Sunday, August 18, 2019

Network Security

Information and system security are important to individuals because so much personal and financial information resides on information systems that are inherently vulnerable to compromise. Information and system security are important to organizations for the same reason, but also important because the success of developed countries depends on the secure operation of systems that support utilities, finances, and government (Zwass, 2016, Information Systems Security). Countries depend on organizations, and organizations depend on individuals. All depend on information systems to manage and control activities in the modern economy.

There are many ways to compromise the network components that information systems depend on to inter-operate. Two such ways use the Ping command to attack a networked computer. The first method is called command injection, where a system vulnerability in web servers and routers allows a second command after a terminated ping request (CTF 101, n.d.). A skilled attacker can elevate permissions and execute additional code. The second method is a Denial-of-Service (DoS) attack. A single machine targets a web server with multiple ping requests to overload the server (Cloudflare, n.d.). This prevents users from accessing server content, hence the name, Denial-of-Service.

Computer viruses are another way to compromise systems. A virus is a self-replicating piece of computer code designed to harm or hinder a computer (Torres, G, 2018). Computers are vulnerable to viruses because they must access data from external sources to get work done or provide entertainment. Typical symptoms of having a virus is a slow running computer, programs that open themselves, or pop-up warnings for conditions that do not exist. Viruses can inflict damage by deleting, corrupting, or encrypting files. To protect a system against viruses, install a reputable anti-virus application, and keep its virus definitions up-to-date. Be careful accessing content on websites or external storage; think before you click.

Social engineering is the least understood and has the most potential for damage because it manipulates the most vulnerable component of an information system, the interface between the input and the output; the human. The best anti-virus application cannot protect a system from its operator. Bad actors know this and use every trick they can think of to fool a targeted victim.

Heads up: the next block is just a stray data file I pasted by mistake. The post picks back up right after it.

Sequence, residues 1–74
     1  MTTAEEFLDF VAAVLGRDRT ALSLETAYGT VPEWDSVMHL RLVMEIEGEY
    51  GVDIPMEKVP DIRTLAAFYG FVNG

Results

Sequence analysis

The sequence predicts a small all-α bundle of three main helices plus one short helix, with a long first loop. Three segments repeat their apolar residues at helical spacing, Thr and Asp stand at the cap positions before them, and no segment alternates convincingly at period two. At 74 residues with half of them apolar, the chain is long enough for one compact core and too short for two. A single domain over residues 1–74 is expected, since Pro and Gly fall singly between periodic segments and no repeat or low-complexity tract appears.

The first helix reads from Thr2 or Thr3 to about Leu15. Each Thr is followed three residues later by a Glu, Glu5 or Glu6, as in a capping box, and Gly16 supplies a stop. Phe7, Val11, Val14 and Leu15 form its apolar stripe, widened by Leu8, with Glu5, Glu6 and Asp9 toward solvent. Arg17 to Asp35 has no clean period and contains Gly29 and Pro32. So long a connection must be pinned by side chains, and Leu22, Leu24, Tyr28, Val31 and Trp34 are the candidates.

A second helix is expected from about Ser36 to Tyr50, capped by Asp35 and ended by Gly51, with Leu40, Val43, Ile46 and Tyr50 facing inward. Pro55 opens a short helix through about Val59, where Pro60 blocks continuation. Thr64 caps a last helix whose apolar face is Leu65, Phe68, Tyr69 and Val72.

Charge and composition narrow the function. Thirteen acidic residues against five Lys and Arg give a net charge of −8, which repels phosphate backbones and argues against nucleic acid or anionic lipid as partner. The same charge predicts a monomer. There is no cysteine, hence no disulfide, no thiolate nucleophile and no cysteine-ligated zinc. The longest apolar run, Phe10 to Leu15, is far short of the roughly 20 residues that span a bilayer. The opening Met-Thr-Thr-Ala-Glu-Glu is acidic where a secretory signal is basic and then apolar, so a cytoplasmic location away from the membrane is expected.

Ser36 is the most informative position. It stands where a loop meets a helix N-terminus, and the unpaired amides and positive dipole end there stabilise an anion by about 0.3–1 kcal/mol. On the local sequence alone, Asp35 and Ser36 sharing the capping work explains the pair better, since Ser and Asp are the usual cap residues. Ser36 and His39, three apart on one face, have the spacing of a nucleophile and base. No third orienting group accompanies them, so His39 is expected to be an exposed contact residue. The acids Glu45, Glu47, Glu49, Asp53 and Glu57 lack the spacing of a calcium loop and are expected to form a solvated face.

A well-known example of social engineering is a telephone call from Microsoft support. An attacker convinces an unsuspecting individual that something is wrong with their system and asks to establish remote desktop access for troubleshooting. If access is allowed, the attacker installs malicious software masquerading as a diagnostic tool. This tool spoofs problems which the attacker offers to fix for a fee. The individual is damaged financially and is embarrassed when they learn they were tricked. Their system is no longer trustworthy because of the malicious software installed and will need professional service or replacement. Organizations can protect systems from social engineering by requiring their employees to complete cybersecurity training. These employees, in turn, should share lessons learned with their friends and loved ones.

Information and system security are important to individuals and organizations in the modern economy. Cybersecurity encompasses information and system security. Organizations have a responsibility to keep us safe by investing in cybersecurity and training. Individuals will benefit from learning more about cybersecurity, and that will result in safer computing for all.

References
Capture The Flag 101. (n.d.). What is command injection?. CTF 101. Retrieved from ctf101.org/web-exploitation/command-injection/what-is-command-injection/
Cloudflare, Inc. (n.d.) Denial-of-service. Retrieved from www.cloudflare.com/learning/ddos/glossary/denial-of-service/
Torres, G. (2018 December 18) What is a computer virus. AVG. Retrieved from www.avg.com/en/signal/what-is-a-computer-virus/
Zwass, m. (2016 February 10). Information security. Britannica. Retrieved from www.britannica.com/topic/information-system/Information-system-infrastructure-and-architecture/

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